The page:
I don't suspend disbelief very willingly. I like to stay close to the text. If there's something I don't understand I don't like skimming over it until I find something I do understand. When evaluating a poem I don't edit away the inconvenient mysteries. I'm prepared to blame the poet, even call their bluff. Consequently I struggle with some poetry, and read books that attempt to explain it to me. Amongst the books that analyse poems are
- 52 ways of looking at a poem (Ruth Padel). Contemporary poems explained for the benefit of intelligent laypeople. The material derives from newspaper articles. I like it.
- The poem and the journey (Ruth Padel). More of the same. Poems by Prynne etc.
- Nearly Too Much: The Poetry of J.H. Prynne (N.H.Reeve and Richard Kerridge). The deep end. See also J H Prynne and difficulty from Arduity.
Where these sometimes fail for me is even when they can decode a difficult phrase, they don't explain why a simpler phrase wasn't used instead, or why a more obvious interpretation is discounted.
I also read theory and articles, mostly to shake me out of my habits -
- Close calls with nonsense (Stephen Burt). An unpreachy look at the factors and fashions involved with recent North American poetry.
- How to write a poem (John Redmond) A book for beginners that provides building blocks more in keeping with contemporary poetry - a Jori Graham poem is successfully discussed
- Literary Theory: A Guide for the Perplexed (Mary Klages)
- next word, better word (Stephen Dobyns). Includes in-depth analysis of poetry and prose, showing how some older methods of analysis still have a place.
- Problems and poetics of the nonaristotelian novel (Leonard Orr). A reminder that harmony and unity aren't unquestionable delights.
- Arduity: Clarifying difficult poetry A site with articles that help to ease the pain of supposedly difficult poetry
Occasionally I write articles to help me collect together what I've learnt
Then there's the poetry itself. Sometimes I just give up. Elsewhen I write about the problems I have with particular books, trying to provide details about where my gaps in understanding are. The posts below are amongst my most popular, as if readers enjoy watching me expose my ignorance -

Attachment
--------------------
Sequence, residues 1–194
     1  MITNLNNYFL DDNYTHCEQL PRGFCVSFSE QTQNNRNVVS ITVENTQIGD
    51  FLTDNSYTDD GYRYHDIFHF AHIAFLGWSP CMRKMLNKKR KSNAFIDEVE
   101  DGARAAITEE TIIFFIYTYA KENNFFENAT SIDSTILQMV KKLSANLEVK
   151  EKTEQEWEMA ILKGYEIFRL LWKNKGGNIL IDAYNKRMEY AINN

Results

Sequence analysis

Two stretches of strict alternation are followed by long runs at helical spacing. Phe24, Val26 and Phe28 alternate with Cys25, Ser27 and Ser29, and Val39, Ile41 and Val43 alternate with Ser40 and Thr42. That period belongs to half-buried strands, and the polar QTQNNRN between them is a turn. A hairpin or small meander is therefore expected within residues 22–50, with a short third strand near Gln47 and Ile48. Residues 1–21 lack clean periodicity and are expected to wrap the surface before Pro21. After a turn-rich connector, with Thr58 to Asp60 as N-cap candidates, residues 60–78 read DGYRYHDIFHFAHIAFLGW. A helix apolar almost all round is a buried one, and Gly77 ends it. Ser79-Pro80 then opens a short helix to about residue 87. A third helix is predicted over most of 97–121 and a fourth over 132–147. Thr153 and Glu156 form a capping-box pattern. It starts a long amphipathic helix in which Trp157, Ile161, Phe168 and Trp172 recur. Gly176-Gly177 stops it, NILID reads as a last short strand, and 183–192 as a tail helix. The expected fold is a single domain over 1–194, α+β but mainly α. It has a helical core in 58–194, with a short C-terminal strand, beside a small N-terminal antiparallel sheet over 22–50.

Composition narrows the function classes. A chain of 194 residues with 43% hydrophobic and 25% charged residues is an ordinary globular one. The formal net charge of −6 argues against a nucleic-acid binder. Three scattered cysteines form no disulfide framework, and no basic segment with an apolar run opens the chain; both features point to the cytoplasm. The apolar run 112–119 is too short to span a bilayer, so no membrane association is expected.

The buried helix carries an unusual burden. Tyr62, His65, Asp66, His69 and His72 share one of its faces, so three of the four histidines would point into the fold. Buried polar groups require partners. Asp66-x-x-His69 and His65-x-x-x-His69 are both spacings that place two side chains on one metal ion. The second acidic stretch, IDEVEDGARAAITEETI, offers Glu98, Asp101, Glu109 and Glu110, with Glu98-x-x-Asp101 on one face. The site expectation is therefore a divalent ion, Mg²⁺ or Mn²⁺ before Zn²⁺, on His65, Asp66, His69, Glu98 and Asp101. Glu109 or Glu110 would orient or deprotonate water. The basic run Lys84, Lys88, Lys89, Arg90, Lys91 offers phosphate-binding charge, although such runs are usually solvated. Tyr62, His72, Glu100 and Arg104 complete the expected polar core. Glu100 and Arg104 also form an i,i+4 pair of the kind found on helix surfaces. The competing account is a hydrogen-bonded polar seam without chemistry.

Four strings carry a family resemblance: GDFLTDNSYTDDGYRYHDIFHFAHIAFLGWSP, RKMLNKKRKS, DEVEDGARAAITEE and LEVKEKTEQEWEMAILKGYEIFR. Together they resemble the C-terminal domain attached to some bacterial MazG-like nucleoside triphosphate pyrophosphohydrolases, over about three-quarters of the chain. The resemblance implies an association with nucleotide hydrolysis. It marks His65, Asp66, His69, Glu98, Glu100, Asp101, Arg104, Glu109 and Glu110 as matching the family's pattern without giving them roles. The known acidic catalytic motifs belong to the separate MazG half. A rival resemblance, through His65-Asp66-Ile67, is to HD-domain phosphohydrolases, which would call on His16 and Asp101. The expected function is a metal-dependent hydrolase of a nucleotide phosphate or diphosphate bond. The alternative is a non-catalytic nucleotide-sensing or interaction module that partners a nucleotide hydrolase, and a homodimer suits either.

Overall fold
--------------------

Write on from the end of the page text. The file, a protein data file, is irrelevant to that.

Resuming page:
- Best British Poetry 2011 (edited by Roddy Lumsden)
- School of forgery (Jon Stone)
- All the rooms of uncle's head (Tony Williams)
I suspect some of my troubles are caused by my lack of awareness of factors that affected the poet, though becoming aware of these factors doesn't always solve everything
- Maybe there are unknown aims that compromise my view of the poem. If I only see this drawing as a rabbit looking left I might criticise the execution, not realising that it's a duck looking right too. If I then notice the duck and point out that the duck's not very good either, the artist might respond by saying that accuracy of either image isn't the point. And they'd be right, but if accuracy doesn't matter one way or the other, the artist might just as well be more accurate in order to placate people who judge by measuring the realism. Or is the artist's technique lacking? (it's my drawing, and mine certainly is). A poem, like a picture, can do more than demonstrate an idea - it can also fulfil other aims. The criticisms of the piece might still be valid even if the critic missed the "main point" - why should the main point be the only one?
- Maybe the poem's constrained by a form that's hard to notice (it's an acrostic, or an N+7 piece, for example).
- Maybe the poem's a reaction to something - the poet's previous style, or a prevailing fashion. This might explain the poem (and its historical or personal importance), but doesn't justify its contemporary value as a poem. An old poem rebelling against end-rhyme loses much of its force nowadays. Besides, there are good and less good ways of reacting, however worthy the cause.